Software Development Contracts: Time and Materials vs Fixed Price

What kind of contract should you sign when you decide to work with a software house?

When it comes to choosing a software development company for your project, Time and Materials and Fixed Price are two of the most dominant options. Choosing one that provides you with the right pricing contract might be difficult, especially if you don't know what you're missing out on when your primary goal is to scale your digital product.

Let's look at the differences between Time and Material and Fixed Price contracts, their advantages and risks, and which one would be the best fit for your software, web, or mobile app development project.

What is a Time and Materials Contract?

A time and materials contract indicates that you'll be paid for your work on a daily or hourly basis.

You'll be charged for the amount of time it takes developers to complete your software, web, or app development project, measured in hours and days.

If you find yourself in any of the following situations, you might consider signing a time and material contract:

Let's take a closer look at how time and materials contracts work, as well as their advantages and disadvantages.

How do time and materials contracts work?

Simply put, a time and materials contract specifies how a company will pay a contractor for both the time they spend working on a project and the materials they use to develop the digital product. A T&M contract is ideal when the project's duration is undetermined but the labor involved is paid at a set hourly or daily rate. For example, here's how a TimePad Time and Material contract works: 

 

 

The project is split into parts so that you can see what functionalities need to be implemented and make all necessary changes or additions during the development process.
Finally, you can approve the project's estimated timeline, resources needed and costs and agree to pay for them.

Pros and cons of time and materials contract

Pros:

Cons:

What is a Fixed Price Contract?

Fixed product requirements and a fixed project cost characterize a fixed price agreement or lump-sum contract. Instead of charging for each individual task or hour worked, the lump-sum model requires the contractor to provide a total project fee.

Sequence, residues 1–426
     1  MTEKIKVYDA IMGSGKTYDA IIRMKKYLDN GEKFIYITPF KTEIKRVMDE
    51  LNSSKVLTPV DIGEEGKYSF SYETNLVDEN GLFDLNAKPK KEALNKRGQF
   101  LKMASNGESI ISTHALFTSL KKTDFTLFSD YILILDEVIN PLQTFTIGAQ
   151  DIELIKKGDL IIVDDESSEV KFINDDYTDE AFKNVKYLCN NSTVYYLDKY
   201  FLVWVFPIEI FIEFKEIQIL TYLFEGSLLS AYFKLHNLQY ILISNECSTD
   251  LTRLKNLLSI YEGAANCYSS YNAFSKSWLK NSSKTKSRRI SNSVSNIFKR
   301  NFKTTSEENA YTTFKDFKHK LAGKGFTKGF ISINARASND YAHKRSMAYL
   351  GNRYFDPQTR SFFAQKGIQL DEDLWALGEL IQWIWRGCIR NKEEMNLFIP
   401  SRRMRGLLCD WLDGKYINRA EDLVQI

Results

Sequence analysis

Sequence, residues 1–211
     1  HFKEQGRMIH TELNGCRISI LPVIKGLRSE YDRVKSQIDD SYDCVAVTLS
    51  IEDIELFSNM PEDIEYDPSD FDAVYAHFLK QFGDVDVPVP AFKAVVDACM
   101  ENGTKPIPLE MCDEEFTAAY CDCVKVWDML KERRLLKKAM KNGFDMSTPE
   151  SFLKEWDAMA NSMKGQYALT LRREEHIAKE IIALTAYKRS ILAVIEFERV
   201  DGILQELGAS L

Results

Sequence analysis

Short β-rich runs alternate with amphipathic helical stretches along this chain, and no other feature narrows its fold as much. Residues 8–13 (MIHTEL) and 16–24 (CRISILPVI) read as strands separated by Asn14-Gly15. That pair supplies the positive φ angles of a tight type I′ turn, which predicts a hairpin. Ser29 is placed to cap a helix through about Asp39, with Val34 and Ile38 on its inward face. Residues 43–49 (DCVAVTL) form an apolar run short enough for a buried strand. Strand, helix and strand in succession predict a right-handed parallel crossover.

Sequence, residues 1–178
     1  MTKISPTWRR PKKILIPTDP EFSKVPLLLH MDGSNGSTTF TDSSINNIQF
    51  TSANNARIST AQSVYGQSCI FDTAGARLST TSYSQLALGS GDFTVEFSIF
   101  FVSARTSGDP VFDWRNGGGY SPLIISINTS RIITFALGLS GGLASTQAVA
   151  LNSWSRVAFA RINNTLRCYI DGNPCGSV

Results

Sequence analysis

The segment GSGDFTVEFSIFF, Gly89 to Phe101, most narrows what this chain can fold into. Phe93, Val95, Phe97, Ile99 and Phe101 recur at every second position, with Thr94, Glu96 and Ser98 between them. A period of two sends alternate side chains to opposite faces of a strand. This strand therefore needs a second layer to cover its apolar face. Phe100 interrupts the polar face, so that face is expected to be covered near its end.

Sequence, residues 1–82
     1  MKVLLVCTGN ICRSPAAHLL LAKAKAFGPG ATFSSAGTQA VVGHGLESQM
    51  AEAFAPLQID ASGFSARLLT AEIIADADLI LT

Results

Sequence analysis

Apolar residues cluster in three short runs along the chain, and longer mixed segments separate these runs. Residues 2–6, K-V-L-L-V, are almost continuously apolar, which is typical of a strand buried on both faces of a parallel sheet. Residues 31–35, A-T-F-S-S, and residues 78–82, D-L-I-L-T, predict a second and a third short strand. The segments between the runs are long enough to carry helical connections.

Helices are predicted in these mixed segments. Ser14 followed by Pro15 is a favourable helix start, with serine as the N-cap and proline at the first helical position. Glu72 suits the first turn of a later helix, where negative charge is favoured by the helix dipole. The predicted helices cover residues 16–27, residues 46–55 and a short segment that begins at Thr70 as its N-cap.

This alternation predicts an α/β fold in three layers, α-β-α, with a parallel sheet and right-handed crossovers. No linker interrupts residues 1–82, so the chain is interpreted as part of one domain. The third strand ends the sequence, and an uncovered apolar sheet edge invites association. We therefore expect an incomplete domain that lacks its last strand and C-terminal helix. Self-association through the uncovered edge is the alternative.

For low-complexity software projects and business solutions, a fixed price works best. A fixed pricing contract is typically used in the following situations:

Pros and cons of fixed-price contract

Pros:

Cons:

Which one to pick?

So, in response to the question, "Which pricing model is better, Time and Materials or Fixed price?" we would say, "The T&M contract is slightly ahead of the Fixed price system due to the flexibility it provides." Regardless, they're both good. The Fixed Price pricing model is ideal if you have a small project with tight deadlines and/or an MVP. If your project is large and complex, however, and you need greater flexibility in choosing features and other details, it is advisable to choose the time and material.

We've worked with Fixed Price and Time and Material pricing models at TimePad. As a result, we believe we are qualified to compare the two pricing frameworks and advise you on which to choose.

We're used to working in the T&M model, to be honest. A Fixed Price agreement isn't out of the question if a project requires a different approach. Let's say you need to create a minimum viable product (MVP) for an app. To begin, we can use a Fixed Price approach. We can switch to a Time and Material billing model later if you are happy with the outcome of our work and need to create a full-fledged and feature-rich app.